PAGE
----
Katz’s aggressively irritable comments about the Black Justice League, although they drew censure at the time from pretty much every corner of the campus, including his colleagues in the Department of Classics, President Eisgruber, and most of the 350-odd signatories to the July 4 manifesto that Katz had critiqued in his Quillette article, were not, as we know, the reason he was fired.  He was fired, or so it is claimed, because the re-investigation of a case of sexual misbehavior—sleeping with an undergraduate--for which he had been investigated and punished with a year’s unpaid leave in 2018, a re-investigation prompted by extensive investigative reporting in the Daily Princetonian, had disclosed new evidence of such gravity as to merit termination.  The evidence that Eisgruber, Vice Provost for Institutional Equity and Diversity Michele Minter, Dean of the Faculty Gene Andrew Jarrett, and pretty much every other right-thinking administrator, faculty member, and campus activist had viewed Katz as an embarrassing gadfly if not an outright ideological enemy for the past two years is, we are to understand, utterly immaterial to this outcome.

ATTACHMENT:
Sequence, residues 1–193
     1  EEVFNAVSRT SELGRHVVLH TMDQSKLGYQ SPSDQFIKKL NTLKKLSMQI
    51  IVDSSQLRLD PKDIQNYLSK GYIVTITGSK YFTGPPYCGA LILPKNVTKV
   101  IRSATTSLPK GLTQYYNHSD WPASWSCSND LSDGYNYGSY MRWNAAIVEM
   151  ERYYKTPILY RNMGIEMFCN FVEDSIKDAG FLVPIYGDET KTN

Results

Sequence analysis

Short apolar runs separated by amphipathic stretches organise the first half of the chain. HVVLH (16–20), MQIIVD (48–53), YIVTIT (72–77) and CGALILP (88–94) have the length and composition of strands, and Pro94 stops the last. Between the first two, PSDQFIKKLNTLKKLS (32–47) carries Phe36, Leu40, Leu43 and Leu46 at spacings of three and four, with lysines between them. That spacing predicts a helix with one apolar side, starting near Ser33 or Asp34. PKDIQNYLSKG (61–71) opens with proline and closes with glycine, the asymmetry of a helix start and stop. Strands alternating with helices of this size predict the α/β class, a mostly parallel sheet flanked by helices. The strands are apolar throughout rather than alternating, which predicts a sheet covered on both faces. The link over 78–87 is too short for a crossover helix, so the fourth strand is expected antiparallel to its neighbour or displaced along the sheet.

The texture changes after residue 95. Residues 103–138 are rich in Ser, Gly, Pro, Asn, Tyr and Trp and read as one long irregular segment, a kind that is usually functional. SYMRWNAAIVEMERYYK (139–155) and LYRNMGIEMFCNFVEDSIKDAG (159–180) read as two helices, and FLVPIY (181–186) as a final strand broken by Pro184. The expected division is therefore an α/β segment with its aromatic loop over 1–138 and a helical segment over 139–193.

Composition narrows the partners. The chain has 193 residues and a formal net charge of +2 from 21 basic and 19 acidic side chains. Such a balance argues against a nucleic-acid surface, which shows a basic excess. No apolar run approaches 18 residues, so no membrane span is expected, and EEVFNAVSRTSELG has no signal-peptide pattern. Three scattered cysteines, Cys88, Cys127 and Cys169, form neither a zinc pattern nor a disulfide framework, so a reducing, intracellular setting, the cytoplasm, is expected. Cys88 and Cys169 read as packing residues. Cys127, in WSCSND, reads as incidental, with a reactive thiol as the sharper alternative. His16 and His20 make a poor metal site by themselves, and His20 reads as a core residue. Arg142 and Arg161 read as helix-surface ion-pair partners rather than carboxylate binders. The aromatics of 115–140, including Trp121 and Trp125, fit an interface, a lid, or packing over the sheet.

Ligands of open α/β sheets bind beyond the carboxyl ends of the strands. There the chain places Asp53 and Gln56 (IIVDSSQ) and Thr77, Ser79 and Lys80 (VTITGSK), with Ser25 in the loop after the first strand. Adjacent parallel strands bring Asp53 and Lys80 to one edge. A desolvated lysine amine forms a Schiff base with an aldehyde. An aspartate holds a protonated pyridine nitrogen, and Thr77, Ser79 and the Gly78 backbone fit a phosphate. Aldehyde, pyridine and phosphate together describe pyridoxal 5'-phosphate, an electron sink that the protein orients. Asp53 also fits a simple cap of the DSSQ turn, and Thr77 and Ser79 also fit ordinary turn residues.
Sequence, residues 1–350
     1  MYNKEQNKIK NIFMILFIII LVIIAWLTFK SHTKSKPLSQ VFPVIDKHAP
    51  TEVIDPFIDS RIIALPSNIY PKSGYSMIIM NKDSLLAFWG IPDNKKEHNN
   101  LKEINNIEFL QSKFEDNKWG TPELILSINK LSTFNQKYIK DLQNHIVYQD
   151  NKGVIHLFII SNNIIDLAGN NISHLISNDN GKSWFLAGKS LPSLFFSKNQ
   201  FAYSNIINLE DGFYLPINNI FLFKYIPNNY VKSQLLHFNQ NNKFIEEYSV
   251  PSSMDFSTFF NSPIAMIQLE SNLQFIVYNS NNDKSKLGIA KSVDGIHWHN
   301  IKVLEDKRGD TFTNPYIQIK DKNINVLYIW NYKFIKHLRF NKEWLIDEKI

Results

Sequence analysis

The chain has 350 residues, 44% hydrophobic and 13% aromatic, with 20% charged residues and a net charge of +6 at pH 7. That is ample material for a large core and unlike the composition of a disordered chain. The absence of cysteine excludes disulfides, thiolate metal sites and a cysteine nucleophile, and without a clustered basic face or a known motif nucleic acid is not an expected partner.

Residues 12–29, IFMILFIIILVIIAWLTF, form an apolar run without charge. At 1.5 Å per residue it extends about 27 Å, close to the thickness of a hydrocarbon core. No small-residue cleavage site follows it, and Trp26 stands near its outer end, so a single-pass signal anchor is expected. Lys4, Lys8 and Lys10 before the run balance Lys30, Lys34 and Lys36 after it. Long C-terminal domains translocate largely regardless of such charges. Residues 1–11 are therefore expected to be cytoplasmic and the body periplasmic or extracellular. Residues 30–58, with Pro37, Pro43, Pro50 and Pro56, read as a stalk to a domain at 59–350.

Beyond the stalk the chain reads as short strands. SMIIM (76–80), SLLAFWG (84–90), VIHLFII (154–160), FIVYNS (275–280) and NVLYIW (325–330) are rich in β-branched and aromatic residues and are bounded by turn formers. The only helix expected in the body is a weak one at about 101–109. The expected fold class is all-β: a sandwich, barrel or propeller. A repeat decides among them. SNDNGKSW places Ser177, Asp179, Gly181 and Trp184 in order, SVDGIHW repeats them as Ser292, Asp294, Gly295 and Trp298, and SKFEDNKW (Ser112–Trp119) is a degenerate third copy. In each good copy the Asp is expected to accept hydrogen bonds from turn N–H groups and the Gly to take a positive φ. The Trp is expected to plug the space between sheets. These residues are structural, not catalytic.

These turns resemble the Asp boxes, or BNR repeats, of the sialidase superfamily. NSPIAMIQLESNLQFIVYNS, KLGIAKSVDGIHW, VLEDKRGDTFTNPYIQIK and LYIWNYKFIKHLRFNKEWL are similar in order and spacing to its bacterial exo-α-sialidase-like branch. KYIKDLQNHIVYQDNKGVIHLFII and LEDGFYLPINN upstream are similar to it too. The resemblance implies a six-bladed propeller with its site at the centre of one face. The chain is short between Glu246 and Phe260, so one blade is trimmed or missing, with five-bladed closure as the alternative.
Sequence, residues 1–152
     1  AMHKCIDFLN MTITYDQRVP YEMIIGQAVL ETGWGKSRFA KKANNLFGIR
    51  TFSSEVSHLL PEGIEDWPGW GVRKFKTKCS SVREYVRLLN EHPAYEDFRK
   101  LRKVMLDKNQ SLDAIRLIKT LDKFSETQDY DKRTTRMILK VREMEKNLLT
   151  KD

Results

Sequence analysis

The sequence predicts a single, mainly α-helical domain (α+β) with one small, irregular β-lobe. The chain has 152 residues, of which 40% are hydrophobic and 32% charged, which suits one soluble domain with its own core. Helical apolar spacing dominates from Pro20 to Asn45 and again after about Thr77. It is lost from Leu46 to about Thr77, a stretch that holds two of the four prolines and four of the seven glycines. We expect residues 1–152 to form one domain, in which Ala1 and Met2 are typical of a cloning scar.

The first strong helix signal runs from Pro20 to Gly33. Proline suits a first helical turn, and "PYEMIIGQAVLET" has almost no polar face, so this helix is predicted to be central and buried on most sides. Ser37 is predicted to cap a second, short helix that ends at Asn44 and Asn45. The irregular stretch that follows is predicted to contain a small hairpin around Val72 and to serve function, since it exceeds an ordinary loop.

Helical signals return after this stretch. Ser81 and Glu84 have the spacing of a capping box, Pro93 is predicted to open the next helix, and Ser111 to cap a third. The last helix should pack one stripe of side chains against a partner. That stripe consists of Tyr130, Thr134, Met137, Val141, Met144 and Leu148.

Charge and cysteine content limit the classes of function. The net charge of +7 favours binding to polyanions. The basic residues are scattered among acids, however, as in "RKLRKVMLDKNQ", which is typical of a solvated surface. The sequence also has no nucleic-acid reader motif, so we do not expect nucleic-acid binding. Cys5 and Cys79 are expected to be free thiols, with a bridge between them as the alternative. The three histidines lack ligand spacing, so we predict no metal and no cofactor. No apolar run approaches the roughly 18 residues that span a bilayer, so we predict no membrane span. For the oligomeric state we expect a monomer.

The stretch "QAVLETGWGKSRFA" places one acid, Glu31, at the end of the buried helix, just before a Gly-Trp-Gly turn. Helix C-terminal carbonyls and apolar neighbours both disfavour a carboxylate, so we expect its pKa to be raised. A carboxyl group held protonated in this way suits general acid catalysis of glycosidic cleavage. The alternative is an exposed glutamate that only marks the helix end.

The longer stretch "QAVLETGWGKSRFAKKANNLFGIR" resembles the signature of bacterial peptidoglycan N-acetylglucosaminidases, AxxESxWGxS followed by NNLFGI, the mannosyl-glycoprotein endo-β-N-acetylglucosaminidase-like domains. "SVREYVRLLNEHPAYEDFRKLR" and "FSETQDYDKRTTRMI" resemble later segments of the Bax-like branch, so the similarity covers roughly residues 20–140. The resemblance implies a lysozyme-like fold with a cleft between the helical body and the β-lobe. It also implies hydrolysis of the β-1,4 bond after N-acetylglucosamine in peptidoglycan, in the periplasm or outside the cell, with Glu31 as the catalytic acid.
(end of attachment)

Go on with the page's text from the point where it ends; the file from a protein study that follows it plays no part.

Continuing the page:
Dear reader, were you born yesterday? 

Many years ago, in the summer of 1983, I interned for editor Victor Navasky at The Nation.  His long-lived and celebrated journal of opinion, he explained to me, conceived of itself as a staging ground for dialogue between liberals and the left.  I was so politically naïve at that point that I wasn’t entirely clear on the difference between those two entities.  “Liberals think that social change can be effected inside the system,” he explained, always happy to educate, “through rational debate, the passage of laws, normal governmental process.  The left knows that you sometimes need to take it to the streets.  We help them talk to each other.”

Victor’s bugaboo was McCarthyism.  Three years earlier he’d published Naming Names, a history of the Hollywood blacklist.  His favorite word, almost a mantra, was “dissent.”  The measure of a democracy’s health, he kept repeating, is its willingness not just to tolerate dissent but to value it, to make a space for it.  America during the McCarthy years, captured by anticommunist hysteria, had quashed dissent and ruined lives in a way that Victor viewed as evil—a quintessentially American mania, with roots in the Puritan witch hunts of the 1690s, that should be studied, unpacked, memorialized as a negative ideal, the better to be warded off in the future.